Did you know that money is one of the leading causes of stress in today’s day and age? The fact remains, people need to earn a living in order to, well, live. Whether it’s providing sustenance for their families, buying a home in a safe neighbourhood, or giving their kids the best education that they can afford, money is always on the mind.
Now, it’s no secret that people practice mindfulness as a way to lead calmer, and healthier lives. But, if money is the cause of their stress to begin with, no amount of medication or chanting can keep the stress at bay. However, when bringing mindfulness into one’s finances can make all the difference.
Here’s what you need to know:
Get realYou need to start by keeping things real. While it’s easier said than done, getting real about your finances can help put things into perspective. Yes, it will cause you to panic, sometimes shame, and anxiety, but when you consider aspects like, ‘Are you saving enough?’, ‘Are you tracking your spending habits?’, or ‘Do you spend money you don’t have?’, you’ll manage to figure out your next steps. And when you do, pay close attention to your habits, and make a conscious effort to avoid those patters.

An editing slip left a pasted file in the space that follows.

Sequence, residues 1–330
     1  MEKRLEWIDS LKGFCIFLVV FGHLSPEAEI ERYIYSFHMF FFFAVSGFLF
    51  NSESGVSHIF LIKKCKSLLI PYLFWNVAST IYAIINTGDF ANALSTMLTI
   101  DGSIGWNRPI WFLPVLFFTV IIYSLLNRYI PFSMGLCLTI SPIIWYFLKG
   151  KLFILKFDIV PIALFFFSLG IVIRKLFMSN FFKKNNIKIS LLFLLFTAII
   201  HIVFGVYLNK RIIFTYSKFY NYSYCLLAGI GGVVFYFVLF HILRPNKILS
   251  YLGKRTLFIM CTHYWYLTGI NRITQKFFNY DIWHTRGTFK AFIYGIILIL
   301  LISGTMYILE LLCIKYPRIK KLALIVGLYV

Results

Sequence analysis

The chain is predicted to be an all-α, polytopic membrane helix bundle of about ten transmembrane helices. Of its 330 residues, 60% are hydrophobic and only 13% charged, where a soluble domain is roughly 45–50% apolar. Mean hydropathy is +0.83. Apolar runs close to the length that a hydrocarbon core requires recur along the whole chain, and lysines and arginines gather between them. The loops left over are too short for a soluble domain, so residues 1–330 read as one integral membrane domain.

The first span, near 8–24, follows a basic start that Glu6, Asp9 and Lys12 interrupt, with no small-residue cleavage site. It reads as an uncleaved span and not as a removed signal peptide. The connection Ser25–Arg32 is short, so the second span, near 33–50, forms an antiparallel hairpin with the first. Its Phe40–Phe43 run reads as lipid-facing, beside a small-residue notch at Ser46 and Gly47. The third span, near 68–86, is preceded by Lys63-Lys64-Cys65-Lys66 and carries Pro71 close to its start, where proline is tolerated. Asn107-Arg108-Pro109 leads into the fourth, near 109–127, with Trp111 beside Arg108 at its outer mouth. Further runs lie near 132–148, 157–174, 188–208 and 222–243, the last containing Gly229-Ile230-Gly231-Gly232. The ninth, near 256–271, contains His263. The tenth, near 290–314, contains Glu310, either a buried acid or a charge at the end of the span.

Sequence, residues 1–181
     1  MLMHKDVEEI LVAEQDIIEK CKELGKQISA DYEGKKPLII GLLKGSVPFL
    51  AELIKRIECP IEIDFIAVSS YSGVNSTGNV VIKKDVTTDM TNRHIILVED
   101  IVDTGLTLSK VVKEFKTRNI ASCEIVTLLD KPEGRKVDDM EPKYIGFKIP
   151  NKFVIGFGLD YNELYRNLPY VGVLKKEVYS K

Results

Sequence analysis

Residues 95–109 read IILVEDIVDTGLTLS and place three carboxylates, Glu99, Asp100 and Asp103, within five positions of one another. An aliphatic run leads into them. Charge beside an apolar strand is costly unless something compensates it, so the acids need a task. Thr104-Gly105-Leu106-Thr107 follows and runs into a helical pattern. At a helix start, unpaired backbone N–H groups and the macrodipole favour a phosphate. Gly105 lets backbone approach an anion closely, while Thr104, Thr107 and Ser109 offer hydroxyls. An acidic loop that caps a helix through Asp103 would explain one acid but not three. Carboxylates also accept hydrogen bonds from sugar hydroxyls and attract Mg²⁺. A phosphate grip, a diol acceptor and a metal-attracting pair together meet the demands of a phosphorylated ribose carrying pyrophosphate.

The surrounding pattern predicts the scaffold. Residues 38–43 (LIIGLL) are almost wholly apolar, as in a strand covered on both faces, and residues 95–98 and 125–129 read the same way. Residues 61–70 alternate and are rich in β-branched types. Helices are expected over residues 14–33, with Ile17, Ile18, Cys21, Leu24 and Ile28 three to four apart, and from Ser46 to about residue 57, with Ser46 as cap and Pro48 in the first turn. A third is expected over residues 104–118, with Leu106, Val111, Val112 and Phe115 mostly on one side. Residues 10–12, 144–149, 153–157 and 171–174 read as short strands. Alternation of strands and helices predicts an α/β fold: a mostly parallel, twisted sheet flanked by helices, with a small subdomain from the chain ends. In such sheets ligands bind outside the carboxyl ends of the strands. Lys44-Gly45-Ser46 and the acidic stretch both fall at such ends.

Develop a non-aggressive attitudeThis simply means, don’t be too hard on yourself. Yes, you’re bound to slip, and when you do, instead of scolding yourself, it’s better to analyse how that unnecessary spending made you feel. This will also force you to look at more budget friendly alternatives. For example, should you spend for that ₹250/- cup of coffee from Starbucks? Maybe you can brew some equally delicious coffee at home. Small steps can help curb the habit of unnecessary spending.
Realign your beliefs around your financial goalsHow you view money is how your relationship with it, will blossom. However, it’s those subconscious beliefs your harbour that can make or break your resolve. Do you subscribe to the belief that more money means more happiness? Perhaps you equate your self-worth with your net-worth. It’s important to tell yourself one simple thing—it’s not what you have, but what you do that defines you. Doing this will help you refocus and meet those financial goals you’ve set for yourself.
Practice precisionSimply put, this means creating a budget and sticking to it. However, when making a budget, be as precise as you can. From how much you spend on utilities, to groceries, and even daily household essentials like laundry detergent, soaps, etc, set an approximate budget. This way, you’ll be able to track household expenses, personal expenses (for clothing and personal hygiene, if you live alone), insurance premiums, and incidentals. For those with families, you must factor in various fees and other incidentals. This will provide you with an overview of your monthly spends, as well as make you plan and save better.
Consider consulting a financial mentorIf you find that you have serious issues when it comes to managing your finances, it’s advisable to consult an expert. Financial advisors and money managers can help you manage your investment portfolio. However, seeking the help of a therapist or counsellor will help you in the long run. It’s a healthy practice to read up on financial psychology, and in some cases, get a family member or friend to keep you motivated and stay on track.